US ratepayers will pay 3 percent more for electricity this year – the biggest increase since 2008, according to US government projections. The higher prices come after a harsh winter that strained the Northeast's grid and boosted natural gas demand.
Some energy analysts may suggest the US is becoming an important source of energy supply for the world. But, the US's oil supply may not translate as a foreign policy tool, writes Daniel J. Graeber.
California has been abuzz for the past couple of years about the prospect of vast new oil wealth supposedly ready for the taking in the Monterey Shale. But new estimates appear to bolster the view that the US shale oil boom will peter out by the end of this decade, Cobb writes.
The Ukraine crisis has led many to call on the US to use its growing oil and natural gas production to help Ukraine and Europe wean itself off Russian energy. There's one very big problem with this view, Cobb writes: The US is still a net importer of both oil and natural gas.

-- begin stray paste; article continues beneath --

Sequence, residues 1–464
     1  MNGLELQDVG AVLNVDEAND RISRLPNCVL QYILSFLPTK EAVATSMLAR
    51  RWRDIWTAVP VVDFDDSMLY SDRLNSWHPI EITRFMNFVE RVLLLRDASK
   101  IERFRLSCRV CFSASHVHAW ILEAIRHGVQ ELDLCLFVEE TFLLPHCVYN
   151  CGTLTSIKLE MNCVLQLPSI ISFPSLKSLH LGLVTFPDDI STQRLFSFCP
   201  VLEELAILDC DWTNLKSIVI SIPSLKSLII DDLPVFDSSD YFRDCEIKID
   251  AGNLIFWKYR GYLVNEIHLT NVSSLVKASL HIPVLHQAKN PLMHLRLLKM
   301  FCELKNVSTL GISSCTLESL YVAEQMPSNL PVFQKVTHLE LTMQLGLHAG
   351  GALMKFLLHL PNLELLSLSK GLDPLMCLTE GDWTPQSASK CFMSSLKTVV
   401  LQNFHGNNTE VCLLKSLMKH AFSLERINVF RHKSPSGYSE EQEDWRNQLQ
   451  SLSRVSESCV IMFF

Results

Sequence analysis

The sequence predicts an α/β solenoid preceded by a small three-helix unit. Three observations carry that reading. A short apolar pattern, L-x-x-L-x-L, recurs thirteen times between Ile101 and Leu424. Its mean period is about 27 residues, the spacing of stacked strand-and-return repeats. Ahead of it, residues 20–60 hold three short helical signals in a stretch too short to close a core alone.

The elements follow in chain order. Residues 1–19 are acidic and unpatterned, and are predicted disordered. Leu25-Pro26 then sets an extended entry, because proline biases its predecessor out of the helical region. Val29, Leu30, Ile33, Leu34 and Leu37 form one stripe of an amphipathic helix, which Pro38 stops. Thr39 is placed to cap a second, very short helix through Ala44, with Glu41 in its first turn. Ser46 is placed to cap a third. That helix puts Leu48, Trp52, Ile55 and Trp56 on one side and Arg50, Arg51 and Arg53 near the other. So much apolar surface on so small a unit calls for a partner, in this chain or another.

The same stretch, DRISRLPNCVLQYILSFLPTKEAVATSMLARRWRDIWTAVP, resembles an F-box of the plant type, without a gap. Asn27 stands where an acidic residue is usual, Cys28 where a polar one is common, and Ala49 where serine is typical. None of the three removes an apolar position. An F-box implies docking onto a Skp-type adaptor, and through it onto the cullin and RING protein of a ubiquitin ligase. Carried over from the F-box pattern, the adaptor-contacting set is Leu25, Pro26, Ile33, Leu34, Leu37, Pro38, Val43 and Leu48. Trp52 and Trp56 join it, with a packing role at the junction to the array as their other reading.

The crisis in Ukraine has stirred support for expanded energy exports that could counter Russia's oil and gas leverage. How might expanding oil and gas exports impact US consumers?
Natural gas is cleaner than coal, but only if the industry can control its methane releases. A new report says it's doing OK, but methane releases are underestimated.
Winter storm Janus brings shivering cold and heavy snow to much of the Northeast Wednesday, causing a spike in demand for natural gas. Spot prices in the Northeast are already hitting record levels, and the cost of winter storm Janus may eventually trickle down to consumers.
A propane shortage in the Midwest is raising concerns about residents who rely on the fuel for heating. The propane shortage has prompted a state of emergency in Ohio, as bitterly cold weather descends on the Midwest.
One popular criticism of electric cars is that they will cause problems for our electrical grids. But electric cars are unlikely to trouble electric grids, even as far more of them hit the roads.
After three years of decline, greenhouse-gas emissions are rising again, largely because of increased coal use. The best chance for the industry to erase its 'dirty coal' image is through carbon capture, which is making progress.